Originally Posted by wbroun
Sorry, but this is classic voodoo economics, and incredibly simplistic. You can't just strip lift tickets out of an entire economic context!
It is not "voodoo economics," though it is of course simplified -- as is the case whenever you want to summarize everything that's happening in the world in a single number or set of statistics.
I didn't bring up the median-income element ... it was in the original post I responded to. The bare CPI-adjustment is probably more meaningful. The median-income adjustment is nominal in any event.
Moreover, if the point (I guess that's my point) is that where skiing stands in the economic world now isn't significantly different from where it stood in the late '60s, I think that the anecdotal "context" your article supplies supports the point, rather than detracting from it. Factory workers weren't skiing in 1968 either. As the prices -- adjusted for inflation only, not taking income into account -- suggest, casual recreational skiers in 1968 were, as now, mostly managerial-professional-technical types. (Of course then, as now, there are the dedicated hard-core who, in some cases, don't do much other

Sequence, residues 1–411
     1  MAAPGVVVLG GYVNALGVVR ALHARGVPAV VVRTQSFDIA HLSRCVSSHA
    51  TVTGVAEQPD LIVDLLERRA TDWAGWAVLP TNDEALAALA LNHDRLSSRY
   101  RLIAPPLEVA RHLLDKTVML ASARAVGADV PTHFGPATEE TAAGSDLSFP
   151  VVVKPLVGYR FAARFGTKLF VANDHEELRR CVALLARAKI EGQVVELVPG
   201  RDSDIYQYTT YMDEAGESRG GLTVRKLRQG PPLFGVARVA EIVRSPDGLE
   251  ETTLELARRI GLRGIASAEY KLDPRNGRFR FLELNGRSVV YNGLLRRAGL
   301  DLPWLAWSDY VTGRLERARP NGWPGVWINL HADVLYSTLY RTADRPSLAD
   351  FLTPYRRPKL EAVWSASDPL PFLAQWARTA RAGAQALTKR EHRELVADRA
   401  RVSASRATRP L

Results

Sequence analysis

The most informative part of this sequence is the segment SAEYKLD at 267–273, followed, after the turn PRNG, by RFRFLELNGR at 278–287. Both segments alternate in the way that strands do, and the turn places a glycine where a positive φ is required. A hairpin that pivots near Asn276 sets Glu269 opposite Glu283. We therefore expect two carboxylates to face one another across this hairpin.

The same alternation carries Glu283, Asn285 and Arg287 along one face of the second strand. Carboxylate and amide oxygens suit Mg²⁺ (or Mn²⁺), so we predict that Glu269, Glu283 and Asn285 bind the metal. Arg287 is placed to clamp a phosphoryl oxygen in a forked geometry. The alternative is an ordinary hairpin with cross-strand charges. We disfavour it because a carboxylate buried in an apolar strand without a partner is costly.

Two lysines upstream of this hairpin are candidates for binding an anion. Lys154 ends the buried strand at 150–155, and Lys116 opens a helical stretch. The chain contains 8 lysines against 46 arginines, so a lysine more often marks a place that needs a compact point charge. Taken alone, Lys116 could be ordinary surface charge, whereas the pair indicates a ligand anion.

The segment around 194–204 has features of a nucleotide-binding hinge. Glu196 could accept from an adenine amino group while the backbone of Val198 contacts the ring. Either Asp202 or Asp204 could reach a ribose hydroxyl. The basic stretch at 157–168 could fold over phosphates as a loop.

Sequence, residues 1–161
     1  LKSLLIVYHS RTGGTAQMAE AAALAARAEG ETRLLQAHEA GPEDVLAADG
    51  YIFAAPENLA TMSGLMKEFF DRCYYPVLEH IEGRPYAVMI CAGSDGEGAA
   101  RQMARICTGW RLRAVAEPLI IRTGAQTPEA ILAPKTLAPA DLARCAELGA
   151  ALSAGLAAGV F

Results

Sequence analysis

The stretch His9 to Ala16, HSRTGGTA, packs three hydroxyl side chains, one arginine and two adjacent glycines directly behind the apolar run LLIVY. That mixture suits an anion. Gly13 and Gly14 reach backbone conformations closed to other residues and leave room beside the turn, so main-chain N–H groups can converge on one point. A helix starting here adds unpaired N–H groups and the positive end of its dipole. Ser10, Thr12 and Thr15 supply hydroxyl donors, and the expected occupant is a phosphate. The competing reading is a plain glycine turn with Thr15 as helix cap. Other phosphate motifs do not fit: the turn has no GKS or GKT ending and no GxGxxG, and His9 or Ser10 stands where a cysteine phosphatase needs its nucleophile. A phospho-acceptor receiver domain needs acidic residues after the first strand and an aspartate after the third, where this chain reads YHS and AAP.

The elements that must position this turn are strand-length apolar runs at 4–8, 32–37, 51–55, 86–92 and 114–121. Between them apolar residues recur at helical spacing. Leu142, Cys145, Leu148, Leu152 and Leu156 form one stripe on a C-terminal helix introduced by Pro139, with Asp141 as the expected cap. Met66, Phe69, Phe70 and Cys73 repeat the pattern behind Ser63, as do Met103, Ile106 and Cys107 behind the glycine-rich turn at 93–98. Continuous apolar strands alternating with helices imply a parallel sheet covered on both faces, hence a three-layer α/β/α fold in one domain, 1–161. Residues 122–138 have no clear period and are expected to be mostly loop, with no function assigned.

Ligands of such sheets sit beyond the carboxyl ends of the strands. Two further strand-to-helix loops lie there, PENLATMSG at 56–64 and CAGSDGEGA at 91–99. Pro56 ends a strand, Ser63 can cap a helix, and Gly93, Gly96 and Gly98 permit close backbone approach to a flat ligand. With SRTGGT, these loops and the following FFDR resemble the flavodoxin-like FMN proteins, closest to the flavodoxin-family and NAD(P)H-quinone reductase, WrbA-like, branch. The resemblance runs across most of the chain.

than ski). If there's a widening income gap in the US, the effect is to make skiing cheaper for its core customers, relative to their income, than it used to be. While the median household income hasn't increased a lot, the median household income of the top fifth (which included most skiers in 1968 and now) increased pretty dramatically, from about $84 thousand in 1968 to $147 thousand in 2003 (adjusted for inflation).
But it's simpler and more to the point just to note that the price of skiing, relative to food, and clothes, and other stuff, isn't a lot different than it was forty years ago. If anybody doubted that in the first place.